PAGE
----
This is one of the Studio Ghibli anime that despite huge popularity in Japan seems to have been sidelined in UK and US distribution. I wasn’t aware of the film when it appeared in Film 4’s Ghibli season earlier this year. Most of the films in the season were dubbed but this one, playing very late at night, was subtitled. I’m assuming Disney never bothered to find an English language cast for it. Why has it been overlooked? The most obvious answer is that it doesn’t fit the Western expectations for an anime. Even though it features a small girl for much of the time this is in fact a ‘romantic drama’ for older audiences. It was the highest grossing Japanese film of 1991.
Based on a manga by Okamoto Hotaru and Tone Yuko, Only Yesterday was written and directed by Takahata Isao. Co-founder of Studio Ghibli with Miyazaki Hayao, Takahata is probably best known in the West for Grave of the Fireflies (Japan 1988), the heart-wrenching tale of two children escaping the fire-bombing of Kobe in 1945. Only Yesterday is not dramatic in the same way but it is equally moving.
Taeko is a young single woman working in a Tokyo office in 1982. When the other workers plan exotic summer holidays she decides to visit the countryside and stay with distant relatives. She’s been before and this time she wants to pick safflowers – traditionally used for making dyes and cosmetics. Taeko has already heard the comments that at age 27 she should be married and this trip seems to trigger very strong memories of how she felt as a 10 year-old being taken to a spa town on holiday. Takahata then constructs the whole narrative as a series of flashbacks to 1966 interspersed with ‘life on the farm’ where Taeko’s ‘time off’ is spent with Toshio, a young man who tried working in Tokyo but decided to return to the land as an organic farmer.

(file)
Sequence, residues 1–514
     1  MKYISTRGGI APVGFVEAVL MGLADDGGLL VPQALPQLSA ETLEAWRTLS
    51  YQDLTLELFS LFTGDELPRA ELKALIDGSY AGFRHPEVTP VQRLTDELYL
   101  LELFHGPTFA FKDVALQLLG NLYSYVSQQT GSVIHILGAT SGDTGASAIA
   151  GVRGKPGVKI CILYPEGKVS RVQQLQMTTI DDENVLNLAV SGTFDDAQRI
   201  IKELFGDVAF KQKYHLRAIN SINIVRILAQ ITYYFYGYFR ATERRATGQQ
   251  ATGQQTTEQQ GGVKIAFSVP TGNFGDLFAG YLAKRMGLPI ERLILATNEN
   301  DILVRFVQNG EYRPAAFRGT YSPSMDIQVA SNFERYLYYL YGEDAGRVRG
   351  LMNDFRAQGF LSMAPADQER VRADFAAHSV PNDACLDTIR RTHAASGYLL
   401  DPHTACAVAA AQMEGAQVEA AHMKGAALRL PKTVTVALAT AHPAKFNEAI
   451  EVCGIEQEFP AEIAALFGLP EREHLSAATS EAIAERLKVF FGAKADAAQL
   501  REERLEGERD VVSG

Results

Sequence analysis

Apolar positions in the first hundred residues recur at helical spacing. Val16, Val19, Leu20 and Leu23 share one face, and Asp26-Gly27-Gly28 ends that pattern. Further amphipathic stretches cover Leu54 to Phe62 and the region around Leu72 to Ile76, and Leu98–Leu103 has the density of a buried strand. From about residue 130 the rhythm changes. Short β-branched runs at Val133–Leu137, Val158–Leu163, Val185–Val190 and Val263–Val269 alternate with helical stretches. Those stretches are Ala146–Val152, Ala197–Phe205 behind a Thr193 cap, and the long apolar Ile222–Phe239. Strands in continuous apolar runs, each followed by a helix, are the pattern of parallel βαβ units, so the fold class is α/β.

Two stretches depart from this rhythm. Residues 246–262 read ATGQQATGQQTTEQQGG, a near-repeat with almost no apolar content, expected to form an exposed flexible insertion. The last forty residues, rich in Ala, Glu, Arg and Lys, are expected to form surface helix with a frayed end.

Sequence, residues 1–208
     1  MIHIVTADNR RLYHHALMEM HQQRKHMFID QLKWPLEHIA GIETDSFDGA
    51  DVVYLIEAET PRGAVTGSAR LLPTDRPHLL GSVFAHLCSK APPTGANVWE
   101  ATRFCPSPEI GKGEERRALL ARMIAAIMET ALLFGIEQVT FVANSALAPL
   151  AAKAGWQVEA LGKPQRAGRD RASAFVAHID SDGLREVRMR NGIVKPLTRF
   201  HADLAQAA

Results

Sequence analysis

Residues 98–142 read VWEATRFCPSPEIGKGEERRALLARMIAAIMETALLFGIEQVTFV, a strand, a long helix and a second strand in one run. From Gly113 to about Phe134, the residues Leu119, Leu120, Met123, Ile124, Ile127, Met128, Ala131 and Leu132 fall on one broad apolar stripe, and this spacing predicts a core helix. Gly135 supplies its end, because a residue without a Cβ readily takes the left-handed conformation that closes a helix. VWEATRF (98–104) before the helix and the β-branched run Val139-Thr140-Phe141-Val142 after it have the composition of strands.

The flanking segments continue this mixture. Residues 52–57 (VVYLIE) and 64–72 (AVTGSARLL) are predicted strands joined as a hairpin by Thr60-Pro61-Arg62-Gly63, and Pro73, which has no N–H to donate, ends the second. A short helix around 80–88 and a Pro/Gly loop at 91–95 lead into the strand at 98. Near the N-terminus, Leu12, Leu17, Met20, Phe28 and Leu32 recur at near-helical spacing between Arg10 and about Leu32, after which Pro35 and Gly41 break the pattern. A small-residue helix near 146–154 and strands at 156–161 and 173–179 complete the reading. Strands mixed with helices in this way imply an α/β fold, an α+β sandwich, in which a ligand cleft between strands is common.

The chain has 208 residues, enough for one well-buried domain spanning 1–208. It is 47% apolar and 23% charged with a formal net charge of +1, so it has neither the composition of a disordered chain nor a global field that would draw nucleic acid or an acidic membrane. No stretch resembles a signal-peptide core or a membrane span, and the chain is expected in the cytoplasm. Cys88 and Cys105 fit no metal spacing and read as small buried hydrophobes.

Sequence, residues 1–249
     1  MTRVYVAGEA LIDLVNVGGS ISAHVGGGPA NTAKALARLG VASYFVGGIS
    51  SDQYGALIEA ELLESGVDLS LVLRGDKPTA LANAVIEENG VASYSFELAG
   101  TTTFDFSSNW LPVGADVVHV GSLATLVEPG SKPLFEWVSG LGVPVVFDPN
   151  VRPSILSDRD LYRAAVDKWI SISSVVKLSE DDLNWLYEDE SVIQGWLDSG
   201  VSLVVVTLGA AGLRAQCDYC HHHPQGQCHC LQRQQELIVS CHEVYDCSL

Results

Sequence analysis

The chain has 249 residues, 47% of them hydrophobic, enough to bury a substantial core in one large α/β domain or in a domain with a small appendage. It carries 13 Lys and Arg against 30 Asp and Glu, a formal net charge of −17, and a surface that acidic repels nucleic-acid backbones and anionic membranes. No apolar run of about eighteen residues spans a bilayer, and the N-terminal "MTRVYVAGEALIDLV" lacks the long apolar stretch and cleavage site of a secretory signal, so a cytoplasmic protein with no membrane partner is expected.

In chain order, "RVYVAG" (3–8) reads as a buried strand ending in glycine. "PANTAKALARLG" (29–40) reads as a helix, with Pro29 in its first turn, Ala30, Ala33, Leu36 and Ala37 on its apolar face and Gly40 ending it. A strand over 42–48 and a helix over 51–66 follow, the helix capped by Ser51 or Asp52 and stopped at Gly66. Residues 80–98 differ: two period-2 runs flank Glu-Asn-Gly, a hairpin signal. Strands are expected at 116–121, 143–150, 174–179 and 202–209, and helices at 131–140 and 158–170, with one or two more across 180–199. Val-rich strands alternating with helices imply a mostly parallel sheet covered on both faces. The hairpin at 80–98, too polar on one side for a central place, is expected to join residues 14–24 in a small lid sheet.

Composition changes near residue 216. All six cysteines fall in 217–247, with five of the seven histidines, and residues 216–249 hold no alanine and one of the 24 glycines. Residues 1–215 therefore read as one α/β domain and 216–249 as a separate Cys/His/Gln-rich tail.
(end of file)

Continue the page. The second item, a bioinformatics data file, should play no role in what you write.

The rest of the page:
There are a couple of informative and very interesting reviews of Only Yesterday on the Studio Ghibli wiki at nausicaa.net. One notes that the Japanese title translates as ‘Memories of Falling Teardrops’ and that this is much more evocative of the mood and tone of the film. I agree and, although I’m wary of referencing Ozu at every turn, I also have to agree that the film has the same careful investigation of family relationships found in Ozu’s films. Takahata even presents the film’s credits against the kind of hessian background used by Shochiku and other studios for their 1950s and 60s dramas. There is the same nostalgia for Japan in the 1950s that appears in Miyazaki’s My Neighbour Totoro. Taeko is the youngest of three girls and experiences a combination of love, bullying and high expectation from her stern father, no nonsense mother and grandmother and older siblings obsessed with the Beatles and the ‘new Japan’. Takahata shows in great detail how Taeko is affected by seemingly trivial incidents and how they build up into almost traumatic episodes – a first crush, embarrassment over discussion of menstruation, an inability to understand division of fractions, a dream about becoming an actor. Some of these are bad memories but they all need to be worked over by the adult Taeko.
In aesthetic terms this is a ravishing film with two distinct animation styles. 1966 is detailed in simply drawn and coloured scenes whereas the landscapes of rural Japan in 1982 are exquisitely beautiful. There is a focus on music, including several East European songs that Toshio tells Takeo that he likes because they are ‘peasant songs’. Like Miyazaki, Takahata seems to have been a big promoter of ecological concerns and there are detailed conversations about organic farming and the relationship between humans and the rural landscape.
The film is primarily about Takeo’s choices and after spending a summer holiday in which Toshio has helped her think through all her childhood concerns it seems fairly obvious that he might be ‘the one’. But Taeko has always been stubborn and self-willed. Will she finally go with what seems a sensible option?
This is a lovely film that ought to make any audience feel better about the world. There is a UK Region 2 DVD and a US Blu-ray, I think – but no English dub (hooray!). Many reviewers have said this is their favourite Ghibli DVD. I think I might still go for My Neighbour Totoro but this is seriously wonderful. Please seek it out – you won’t regret it.
Manga and anime are discussed in The Global Film Book in Chapter 5.